This area of the wilderness has suffered both massive blow downs and devastating wild fires, one of course setting the stage for the other.  Yesterday, we passed through a portion of the 75,000 acres burned a decade ago as a result of both natural and potentially human sparked events. At the end of a long, wearying day, I’ll admit it was disheartening for me to realize that the lake we’d landed on was one of those ravaged by fire. It did not look like the landscape I’d hoped to find. Yes, I understand the fire dependent ecosystem, it’s reliance upon natural cycles of succession. And yes, there was rejuvenation–verdant new growth where sunlight and ash and fire-released seeds have performed their alchemy, forging a burgeoning young forest. I have paddled through fresher burns than these in years past, in other wilderness areas, found breathtaking beauty in the stripped bare and resilient skin of the earth, but there is something in me this season that longs for the comfort of the Ancient, the familiar, dark and deep. Something that longs, perhaps, for Wisdom.

Perhaps it is that there is enough destruction in our world right now, that we are all walking on unfamiliar trails, as gracefully as we can, balancing precariously on these boulders unexpectedly strewn in our path, hoping that what we find on the other side looks somehow familiar. Longing for Wisdom.

I trust in the Earth’s.

We moved from that recovering lake this morning to this one. Now I sit on the perch that is a fallen White Pine, overlooking a vista that soothes. She too was likely a casualty, on the margins of that high wind event that sent millions of her sisters crashing and subsequently providing fuel for those inevitable wildfires. Before learning the story of their fate, I’d known simply that somehow I missed them here– those large white and red pine – feeling their loss on the landscape of my heart. I imagine those travelers who passed this way before me, who knew intimately this particular point of granite,  felt poignantly the loss of this particular Pine’s falling, their hearts sinking when rounding the bend to find a beloved sentinel fallen.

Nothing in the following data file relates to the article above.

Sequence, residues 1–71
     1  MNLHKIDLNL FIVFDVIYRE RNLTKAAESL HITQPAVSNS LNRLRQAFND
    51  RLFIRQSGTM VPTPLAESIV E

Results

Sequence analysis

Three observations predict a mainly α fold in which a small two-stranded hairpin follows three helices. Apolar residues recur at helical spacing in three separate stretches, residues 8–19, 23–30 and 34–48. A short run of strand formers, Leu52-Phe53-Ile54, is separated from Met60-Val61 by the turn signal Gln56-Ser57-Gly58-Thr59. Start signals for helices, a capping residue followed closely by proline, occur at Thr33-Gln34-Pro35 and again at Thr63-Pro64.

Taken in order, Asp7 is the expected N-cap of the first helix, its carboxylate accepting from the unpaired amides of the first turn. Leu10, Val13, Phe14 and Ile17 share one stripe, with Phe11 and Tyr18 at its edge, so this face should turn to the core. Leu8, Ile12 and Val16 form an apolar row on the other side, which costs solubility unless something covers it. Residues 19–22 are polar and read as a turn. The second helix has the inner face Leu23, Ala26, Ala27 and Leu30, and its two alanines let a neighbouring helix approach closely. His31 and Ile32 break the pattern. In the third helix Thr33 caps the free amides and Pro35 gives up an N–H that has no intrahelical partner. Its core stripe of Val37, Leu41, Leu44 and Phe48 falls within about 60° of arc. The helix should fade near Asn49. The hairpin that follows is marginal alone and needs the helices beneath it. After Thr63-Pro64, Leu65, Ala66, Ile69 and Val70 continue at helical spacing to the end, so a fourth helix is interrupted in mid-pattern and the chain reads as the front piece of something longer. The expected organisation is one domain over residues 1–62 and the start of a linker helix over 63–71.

Curled into the crook of her great rootball now, I trace the sliver of soil in the crack of the rock, where she once clung to life, trace the mirrored angle of one of her legs, put the pieces together. Today one long tendril of root stretches up the slope for a toehold of earth, a sip of water, so that even in this, the laying down of her life, she still produces needles, gathering sunlight into her five fingered bundles.

During our daily travels, my eye has been drawn to those of her sisters that remain standing, rising high above this canopy of spruce, cedar, fir, aspen and birch, still catching that wind, revealing its prevalence in the grace of their leeward reaching arms, being caressed by it and forged by it. Their silent vigil as we’ve paddled past them fills me with their Wisdom and peace.

Many will fall, or be felled, or flare up- to become something new, releasing a century of gathered sunlight in the process.

I too.

You too, my love.

Us too, dear world.

(*This entry was originally posted as a Prayernote for Oasis, a local to me contemplative prayer community, at their invitation. You can read my offering it in it’s original format by following this link For more of these exquisite Prayernotes, written and offered by their co-director, Glenn Mitchell, you can go directly to the Prayernote page by following this link)

Leave a Reply

Fill in your details below or click an icon to log in:

WordPress.com Logo

You are commenting using your WordPress.com account. Log Out /  Change )

Google photo

You are commenting using your Google account. Log Out /  Change )

Twitter picture

You are commenting using your Twitter account. Log Out /  Change )

Facebook photo

You are commenting using your Facebook account. Log Out /  Change )

Connecting to %s

%d bloggers like this: